The sweet taste of Soviet childhood: How to prepare 'Bear in the North'

Victoria Drey
“Bear in the North” is not only an iconic Soviet candy but a delicious cake created by resourceful housewives. Try making it at home!

One of the best things about Soviet candies are their wrappers: most were true works of art, and the legendary candies. “Mishka na severe” (“Bear in the North”) were chief among them. These were one of the most popular candies in Soviet times – not only because of their signature cocoa-nutty flavor, but also because of their iconic wrappers with the image of a polar bear in the vastness of the Arctic. These were first produced in 1939 on the eve of the Great Patriotic War by the Leningrad chocolate factory named in honor of Lenin’s wife, Nadezhda Krupskaya. “Mishka na severe” were produced even during the Siege of Leningrad (as St. Petersburg was called at the time), and remained popular among subsequent generations. So, it is no wonder that Soviet housewives finally created a cake recipe inspired by the taste of Mishka candies.

This is one of the true home-made Soviet cakes: there is no GOST or standard recipe for it. Instead, every housewife had her own signature formula of the Mishka cake: with a meringue base, classic sponge or buttercream. But the most common is the one based on sour cream: it is the main ingredient that goes both in the layers and filling. While it  does not fully have the authentic taste of Mishka candies, it definitely has similar chocolate and nutty tastes. Personally, I am not the biggest fan of “heavy” buttery cakes but this one is the perfect fusion of light vanilla and chocolate layers and sweet-sourish cream.

Ingredients for the layers:

  • about 300g plain flour;
  • 120g sugar;
  • 250g sour cream;
  • 50g butter;
  • 2 tablespoons cocoa powder;
  • ½ teaspoon baking soda;
  • 1 teaspoon vanilla sugar or extract;
  • a pinch of salt.

Ingredients for the cream:

  • 150g powdered sugar;
  • 600g sour cream;
  • + some walnuts or hazelnuts.


1. In a large bowl mix sugar, vanilla sugar or extract and a pinch of salt with melted butter, and give the mixture a good stir. Next, add sour cream and baking soda, blend again until all the sugar dissolves.

2. Now divide your liquid in two equal parts, and add cocoa powder in one half – so here you have vanilla and cocoa dough bases.

3. Add half of the sifted flour into the vanilla base and another half into the cocoa one. You should get a soft and very elastic dough, but add more flour in both halves of the dough in case you feel it is still too runny.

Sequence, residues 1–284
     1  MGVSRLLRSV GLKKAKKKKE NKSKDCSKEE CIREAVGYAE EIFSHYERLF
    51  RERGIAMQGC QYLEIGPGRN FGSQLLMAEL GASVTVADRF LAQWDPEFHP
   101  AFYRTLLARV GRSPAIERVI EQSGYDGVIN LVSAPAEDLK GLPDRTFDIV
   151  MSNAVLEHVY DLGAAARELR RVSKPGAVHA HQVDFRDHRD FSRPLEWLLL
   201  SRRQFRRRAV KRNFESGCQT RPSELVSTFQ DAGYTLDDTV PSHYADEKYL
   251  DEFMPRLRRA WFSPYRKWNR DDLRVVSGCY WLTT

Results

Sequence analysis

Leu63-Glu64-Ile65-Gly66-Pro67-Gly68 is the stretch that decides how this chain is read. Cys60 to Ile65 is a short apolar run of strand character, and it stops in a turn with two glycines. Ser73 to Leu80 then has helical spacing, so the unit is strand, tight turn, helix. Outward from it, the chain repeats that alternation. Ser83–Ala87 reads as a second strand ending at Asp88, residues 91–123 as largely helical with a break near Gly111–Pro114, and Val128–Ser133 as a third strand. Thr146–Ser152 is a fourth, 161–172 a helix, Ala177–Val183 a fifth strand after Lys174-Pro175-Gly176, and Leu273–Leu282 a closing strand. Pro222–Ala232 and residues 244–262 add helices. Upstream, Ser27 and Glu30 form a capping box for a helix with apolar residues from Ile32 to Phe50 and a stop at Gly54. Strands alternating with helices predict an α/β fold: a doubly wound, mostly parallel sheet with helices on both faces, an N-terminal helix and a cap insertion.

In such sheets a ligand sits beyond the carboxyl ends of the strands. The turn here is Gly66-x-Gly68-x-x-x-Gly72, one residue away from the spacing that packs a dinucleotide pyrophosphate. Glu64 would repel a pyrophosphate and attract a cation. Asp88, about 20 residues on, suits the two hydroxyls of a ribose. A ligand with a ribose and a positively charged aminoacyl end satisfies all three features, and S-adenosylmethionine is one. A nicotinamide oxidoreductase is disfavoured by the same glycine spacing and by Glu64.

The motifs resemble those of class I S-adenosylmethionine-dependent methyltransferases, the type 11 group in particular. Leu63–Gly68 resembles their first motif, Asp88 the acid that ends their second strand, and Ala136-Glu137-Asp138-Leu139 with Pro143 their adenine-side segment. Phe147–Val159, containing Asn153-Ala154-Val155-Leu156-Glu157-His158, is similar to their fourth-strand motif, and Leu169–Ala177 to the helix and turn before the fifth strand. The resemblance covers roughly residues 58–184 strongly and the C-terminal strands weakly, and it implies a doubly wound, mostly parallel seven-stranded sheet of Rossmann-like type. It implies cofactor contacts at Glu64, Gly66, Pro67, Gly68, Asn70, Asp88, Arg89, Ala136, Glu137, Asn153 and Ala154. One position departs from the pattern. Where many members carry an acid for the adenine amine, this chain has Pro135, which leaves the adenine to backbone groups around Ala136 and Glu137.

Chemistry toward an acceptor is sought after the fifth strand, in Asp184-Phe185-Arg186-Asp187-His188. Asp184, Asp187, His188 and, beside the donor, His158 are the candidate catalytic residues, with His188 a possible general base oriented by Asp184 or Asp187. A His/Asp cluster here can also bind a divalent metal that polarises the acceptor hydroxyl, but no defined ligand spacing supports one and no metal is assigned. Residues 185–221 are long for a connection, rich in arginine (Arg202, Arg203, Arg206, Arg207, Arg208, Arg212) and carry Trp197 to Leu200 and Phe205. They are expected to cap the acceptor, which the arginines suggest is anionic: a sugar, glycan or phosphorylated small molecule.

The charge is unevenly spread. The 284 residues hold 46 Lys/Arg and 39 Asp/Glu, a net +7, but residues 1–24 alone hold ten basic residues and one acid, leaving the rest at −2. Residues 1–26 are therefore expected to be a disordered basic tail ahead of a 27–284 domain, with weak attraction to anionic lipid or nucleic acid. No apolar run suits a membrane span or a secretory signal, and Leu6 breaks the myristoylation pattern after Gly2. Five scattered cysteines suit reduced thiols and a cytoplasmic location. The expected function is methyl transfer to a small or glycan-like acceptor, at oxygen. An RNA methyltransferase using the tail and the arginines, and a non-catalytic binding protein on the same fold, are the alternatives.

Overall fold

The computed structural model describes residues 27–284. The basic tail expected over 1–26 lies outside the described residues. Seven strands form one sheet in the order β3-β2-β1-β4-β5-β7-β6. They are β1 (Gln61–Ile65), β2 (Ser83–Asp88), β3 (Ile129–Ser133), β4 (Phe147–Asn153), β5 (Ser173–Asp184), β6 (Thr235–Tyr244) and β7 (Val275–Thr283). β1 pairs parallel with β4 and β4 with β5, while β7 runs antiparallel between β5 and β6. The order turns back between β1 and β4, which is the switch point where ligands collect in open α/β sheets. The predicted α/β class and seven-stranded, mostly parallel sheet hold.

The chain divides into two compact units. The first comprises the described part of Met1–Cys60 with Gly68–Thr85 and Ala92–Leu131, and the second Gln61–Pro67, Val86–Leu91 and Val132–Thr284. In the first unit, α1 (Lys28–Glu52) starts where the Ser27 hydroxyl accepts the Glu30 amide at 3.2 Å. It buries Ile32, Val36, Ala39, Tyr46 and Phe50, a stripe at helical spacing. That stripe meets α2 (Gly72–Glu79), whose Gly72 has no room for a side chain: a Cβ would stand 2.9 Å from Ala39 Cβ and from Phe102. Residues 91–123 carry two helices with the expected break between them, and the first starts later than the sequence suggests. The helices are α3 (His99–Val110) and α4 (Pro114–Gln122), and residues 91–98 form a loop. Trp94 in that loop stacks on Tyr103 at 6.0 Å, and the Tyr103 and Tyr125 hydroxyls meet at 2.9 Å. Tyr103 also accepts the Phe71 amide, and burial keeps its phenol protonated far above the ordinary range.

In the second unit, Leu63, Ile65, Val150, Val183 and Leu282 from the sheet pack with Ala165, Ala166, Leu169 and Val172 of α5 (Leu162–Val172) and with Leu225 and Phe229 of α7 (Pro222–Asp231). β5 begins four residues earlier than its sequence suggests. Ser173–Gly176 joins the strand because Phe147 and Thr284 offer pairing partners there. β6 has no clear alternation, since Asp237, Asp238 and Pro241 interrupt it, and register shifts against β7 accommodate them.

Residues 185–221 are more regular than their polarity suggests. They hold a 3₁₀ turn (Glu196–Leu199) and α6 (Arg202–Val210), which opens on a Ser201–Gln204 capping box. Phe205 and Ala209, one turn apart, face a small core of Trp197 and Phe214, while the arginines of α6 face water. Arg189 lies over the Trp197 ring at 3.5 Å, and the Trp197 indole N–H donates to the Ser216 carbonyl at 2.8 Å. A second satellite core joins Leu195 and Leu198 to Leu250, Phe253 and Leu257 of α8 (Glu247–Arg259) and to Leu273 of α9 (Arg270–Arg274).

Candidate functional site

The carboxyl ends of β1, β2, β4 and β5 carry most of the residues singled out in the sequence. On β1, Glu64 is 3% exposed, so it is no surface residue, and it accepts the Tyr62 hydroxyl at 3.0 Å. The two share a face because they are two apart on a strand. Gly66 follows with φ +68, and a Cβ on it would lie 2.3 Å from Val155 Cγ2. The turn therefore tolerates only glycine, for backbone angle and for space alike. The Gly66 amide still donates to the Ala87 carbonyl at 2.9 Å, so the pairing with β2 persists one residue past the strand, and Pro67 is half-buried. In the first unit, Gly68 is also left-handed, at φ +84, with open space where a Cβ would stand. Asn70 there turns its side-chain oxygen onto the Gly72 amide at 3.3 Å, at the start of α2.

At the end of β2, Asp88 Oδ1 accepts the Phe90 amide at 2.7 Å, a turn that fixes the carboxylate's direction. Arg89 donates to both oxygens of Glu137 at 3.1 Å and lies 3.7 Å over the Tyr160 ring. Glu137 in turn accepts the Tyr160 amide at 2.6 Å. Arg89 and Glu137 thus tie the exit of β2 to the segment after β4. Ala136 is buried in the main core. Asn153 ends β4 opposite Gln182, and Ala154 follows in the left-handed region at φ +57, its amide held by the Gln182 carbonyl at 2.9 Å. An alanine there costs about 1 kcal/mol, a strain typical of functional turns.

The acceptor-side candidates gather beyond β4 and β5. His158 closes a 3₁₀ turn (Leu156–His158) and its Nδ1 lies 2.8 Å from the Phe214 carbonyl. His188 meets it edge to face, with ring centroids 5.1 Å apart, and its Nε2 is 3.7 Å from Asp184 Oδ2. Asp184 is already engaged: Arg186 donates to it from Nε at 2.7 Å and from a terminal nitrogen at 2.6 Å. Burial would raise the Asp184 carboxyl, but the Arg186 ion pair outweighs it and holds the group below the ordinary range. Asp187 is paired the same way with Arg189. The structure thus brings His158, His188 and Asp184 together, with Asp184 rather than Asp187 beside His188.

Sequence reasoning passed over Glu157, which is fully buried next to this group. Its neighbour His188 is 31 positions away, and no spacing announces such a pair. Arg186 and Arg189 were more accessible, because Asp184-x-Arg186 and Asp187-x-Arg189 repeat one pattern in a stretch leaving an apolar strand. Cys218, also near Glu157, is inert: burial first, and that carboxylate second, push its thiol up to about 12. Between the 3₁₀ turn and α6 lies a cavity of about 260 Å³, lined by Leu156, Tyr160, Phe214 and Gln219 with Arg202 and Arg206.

4. You may need more or less flour depending on your sour cream, but the key is to add as little flour as possible: the less flour you use in the dough, the softer the cake layers will be. Each half of the dough should be divided into three equal round pieces, and then start making the layers.

5. Using a rolling pin make thin round layers on baking parchment. Slightly pin each layer with a fork, and bake one at a time at 200°C for approximately 5-7 minutes.

6. Take a layer out of the oven and cut off the edges using a cooking ring or a knife while it is hot.

7. When all six layers are ready, let them cool completely, and then make the cream.

8. Just whisk sour cream with powdered sugar and leave the cream in the fridge for about half an hour.

9. Do not throw away the trimmings from the layers! Spread them on a baking pan, and bake for about 10-15 minutes at 120°C so that they become crunchy.

10. Next, finely mill them in a food processor and set aside – the crumbs will go for the decoration.

11. Now build the cake from the cream, vanilla and cocoa layers. Start with two tablespoons of cream, top it with a cocoa layer, then generously cover it with the cream and sprinkle with chopped nuts –  I use hazelnuts. Then top with vanilla layer, again cover with the cream and sprinkle with some nuts.

12. Repeat until you run out of the layers and finally cover the surface of the cake with the remaining cream.

13. Finally, decorate the cake: I sprinkle the top and the edge of the cake with the crumbs and chopped nuts.

14. It is very important to leave the cake in the fridge at least overnight so the layers fully absorb the cream. If you have the patience  leave it for a full 24 hours, and then enjoy a piece of Mishka cake with a cup of tea. Priyatnogo appetita! 

Read more: 10 yummies that all Soviet children adored 

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